New York's testing system is broken. Teachers know it. Parents know it. And students know it.
"Students and teachers deserve tests that are fair, valid and reliable, and are appropriate measures of what's happening in classrooms in every corner of the state," said NYSUT President Dick Iannuzzi. "The State Education Department needs to do a better job."
Armed with a resolution overwhelmingly adopted by nearly 2,000 delegates at the union's annual convention, NYSUT is demanding an end to the current system of testing in New York - and calling on SED to reduce the focus on questionable standardized tests in favor of quality measures of student learning that are more "accurate, fair and appropriate."
The union's longstanding concerns over the quality and administration of state assessments go way beyond the problems cited with this year's tests. (See sidebar). In fact, the resolution, called "Student Assessment: Getting it Right," was developed by the union's statewide Board of Directors months before this year's testing cycle, in response to an analysis that documents years of SED missteps.
"For decades, New York teachers have spoken up about chronic concerns with standardized tests," said NYSUT Vice President Maria Neira. "Teachers have repeatedly told SED about problems with this 'one-size-fits-all' approach, and for many years raised concerns about test length, scheduling, content and more. The State Education Department chooses not to listen." NYSUT has a long history of calling for assessments that are reliable, consistent and valid. The need is underscored by the state's continued push to make standardized testing even more high-stakes for students, schools and teachers.
Neira has forwarded a copy of the RA resolution and a strongly worded letter to State Education Commissioner John King and the Board of Regents, noting that frontline educators are growing increasingly frustrated. The resolution cited many ongoing concerns:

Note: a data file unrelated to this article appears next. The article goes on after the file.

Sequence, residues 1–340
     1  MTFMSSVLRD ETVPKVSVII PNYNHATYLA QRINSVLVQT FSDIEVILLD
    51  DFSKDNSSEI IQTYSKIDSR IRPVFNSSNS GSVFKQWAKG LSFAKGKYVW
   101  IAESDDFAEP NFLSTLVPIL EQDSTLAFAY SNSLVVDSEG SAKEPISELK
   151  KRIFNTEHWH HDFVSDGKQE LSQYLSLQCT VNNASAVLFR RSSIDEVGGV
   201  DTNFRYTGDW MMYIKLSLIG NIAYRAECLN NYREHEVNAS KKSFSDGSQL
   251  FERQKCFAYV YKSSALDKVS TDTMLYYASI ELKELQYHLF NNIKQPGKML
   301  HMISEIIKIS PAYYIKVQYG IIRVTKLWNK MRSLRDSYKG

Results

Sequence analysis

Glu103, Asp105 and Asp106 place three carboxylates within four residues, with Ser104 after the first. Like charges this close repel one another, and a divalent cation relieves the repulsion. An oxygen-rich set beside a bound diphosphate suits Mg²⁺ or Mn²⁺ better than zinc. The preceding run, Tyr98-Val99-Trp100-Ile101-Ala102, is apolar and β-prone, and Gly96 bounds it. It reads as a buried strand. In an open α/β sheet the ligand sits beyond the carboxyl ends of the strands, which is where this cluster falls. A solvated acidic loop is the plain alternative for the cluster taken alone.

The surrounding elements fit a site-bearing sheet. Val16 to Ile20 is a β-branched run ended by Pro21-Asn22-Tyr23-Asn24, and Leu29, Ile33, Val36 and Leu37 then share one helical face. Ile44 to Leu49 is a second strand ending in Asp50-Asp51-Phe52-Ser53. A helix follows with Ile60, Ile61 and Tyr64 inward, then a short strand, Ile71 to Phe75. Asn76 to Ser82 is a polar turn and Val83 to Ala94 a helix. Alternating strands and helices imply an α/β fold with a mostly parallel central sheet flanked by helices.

The over-reliance on standardized state tests for accountability has created more pressure on educators to "teach to the test." This focus on tested subjects has resulted in a narrowing of the curriculum, with students losing out on engaging educational opportunities.
Federal testing policies fail to appropriately accommodate the unique needs of English language learners and students with disabilities, resulting in test scores that do not accurately represent students' true progress. NYSUT has repeatedly objected to subjecting ELLs and students with disabilities to grade-level standardized testing. NYSUT has raised concerns about standardized testing that is not developmentally appropriate, including standardized testing for K-2 students.
New York state classroom teachers need to be more involved in all aspects of the development of state assessments. Delegates suggested that rather than spending millions on commercially produced, flawed standardized tests, the state could better use the money to invest in programs to help children learn.
Neira's letter noted the state's over-reliance on standardized testing to the exclusion of student learning time is a significant and widespread concern for parents.
The resolution passed at the RA calls on NYSUT to work with advocacy groups and parents to form a coalition urging SED and the Regents to ensure that no single test score will be used to determine a student's performance.
NYSUT has long called for scheduling improvements to minimize instructional disruptions and to speed up scoring and reporting of results.
Neira said the RA resolution underscores the need for performance-based assessments, student portfolios and other assessments that allow students to demonstrate the knowledge and skills they have mastered throughout the year, and which could also be used to more reliably evaluate teacher and principal effectiveness. "